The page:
Just like in pre-k, I think 4-5 year olds should spend most of their days creating, playing, or exploring outdoors. We live in a very large city, but we make do with the outdoors by planting a vegetable garden every spring and fall, planting a pollinator garden, hanging up bird feeders for better birdwatching, and taking many walks. We also read a variety of nature books such as Burgess Bird Book for Children. As for “official” classes, we use the following:
Math– For kindergarten, I actually use Saxon 1. Yes, it’s technically 1st grade math, but I find that most kids can handle it very well. If your kid isn’t math minded in the least, then I suggest waiting until 1st grade to start this math. However, Saxon is a spiral course, so I think this works for kindergarten. If you have a Mardel near you, this is almost always on sale as well as the manipulative kit. I bought the kit years ago and have used it…a lot. Well worth the money. I find it’s cheaper at Mardel than on Amazon. 🙂
Handwriting– Learning Without Tears Letters and Numbers for Me is perfect for 4-5 year olds. I also get a writing journal for extra practice. We also start Keyboarding Without Tears during kindergarten to get the kids used to keyboarding and computers.
Reading– We continue using All About Learning Press’ All About Reading Level 1 If you don’t get the complete package and just get a few things a la carte, I still recommend the review box. I bought a spelling one for my oldest 8 years ago, and it’s still kickin’! It really helps me keep organized while teaching reading and spelling. Each of my children has one for spelling and one for reading.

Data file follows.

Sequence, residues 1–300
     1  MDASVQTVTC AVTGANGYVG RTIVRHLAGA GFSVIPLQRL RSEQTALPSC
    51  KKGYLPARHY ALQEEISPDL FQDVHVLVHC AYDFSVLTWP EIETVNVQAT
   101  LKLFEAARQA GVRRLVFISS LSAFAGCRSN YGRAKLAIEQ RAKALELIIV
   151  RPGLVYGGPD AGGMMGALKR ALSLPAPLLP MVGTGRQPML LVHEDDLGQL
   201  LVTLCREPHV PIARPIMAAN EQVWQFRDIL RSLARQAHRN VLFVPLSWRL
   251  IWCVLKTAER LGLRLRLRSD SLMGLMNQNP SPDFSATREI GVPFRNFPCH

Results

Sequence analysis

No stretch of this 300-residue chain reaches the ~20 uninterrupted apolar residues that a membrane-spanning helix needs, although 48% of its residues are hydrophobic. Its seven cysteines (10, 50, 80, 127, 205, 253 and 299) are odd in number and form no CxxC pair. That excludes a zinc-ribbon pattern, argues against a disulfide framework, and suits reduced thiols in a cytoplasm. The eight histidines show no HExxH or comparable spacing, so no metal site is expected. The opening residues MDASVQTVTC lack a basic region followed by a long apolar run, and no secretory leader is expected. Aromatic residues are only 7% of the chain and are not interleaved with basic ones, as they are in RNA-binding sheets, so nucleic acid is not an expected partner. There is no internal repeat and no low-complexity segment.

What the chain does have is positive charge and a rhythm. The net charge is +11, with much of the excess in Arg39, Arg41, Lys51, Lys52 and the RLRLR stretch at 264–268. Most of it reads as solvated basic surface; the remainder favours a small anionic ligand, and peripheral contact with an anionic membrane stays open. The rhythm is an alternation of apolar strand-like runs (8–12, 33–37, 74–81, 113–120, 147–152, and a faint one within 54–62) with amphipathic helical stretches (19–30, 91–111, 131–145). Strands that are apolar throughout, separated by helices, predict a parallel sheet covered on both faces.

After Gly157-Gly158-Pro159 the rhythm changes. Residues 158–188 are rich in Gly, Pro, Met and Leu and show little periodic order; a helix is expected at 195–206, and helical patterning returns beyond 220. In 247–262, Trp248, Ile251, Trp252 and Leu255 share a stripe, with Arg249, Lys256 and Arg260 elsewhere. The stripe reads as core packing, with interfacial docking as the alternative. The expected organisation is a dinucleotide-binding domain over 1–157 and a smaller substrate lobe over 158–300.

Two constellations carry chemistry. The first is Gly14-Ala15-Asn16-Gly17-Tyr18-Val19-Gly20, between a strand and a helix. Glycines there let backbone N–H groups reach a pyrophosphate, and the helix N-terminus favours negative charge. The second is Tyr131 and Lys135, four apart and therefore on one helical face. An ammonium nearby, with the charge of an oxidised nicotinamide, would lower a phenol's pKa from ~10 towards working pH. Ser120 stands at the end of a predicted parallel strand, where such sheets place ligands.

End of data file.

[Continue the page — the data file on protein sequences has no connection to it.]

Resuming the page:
Geography– Kindergarten is when I like to introduce maps and how to use them. We use Maps, Charts, & Graphs Level A
Science– We love Elemental Science for the Grammar Stage. Since Kindergarteners can’t handle too much writing, we mostly just do the experiments and readings. I also let them go on many nature hikes and spend a lot of time outdoors to explore.
Poetry– Kindergarten is the year my kids begin the journey of poetry memorization. I always tell my kids memorizing and reciting poetry is like exercising your brain. 🙂 They grow to enjoy reciting and it is really magical to have poetry wafting through the house. My number one go to book is The Harp and the Laurel Wreath by Laura Berquist.
Religion– We begin memorizing the mysteries of the rosary in Kindergarten if the child hasn’t done so by now. My children also attend Catechesis of the Good Shepherd at our parish and do many religious activities at our homeschool enrichment program.
Arts and Crafts– We practice drawing using Draw, Write, Now Book 2 and find fun crafts to do on Pinterest.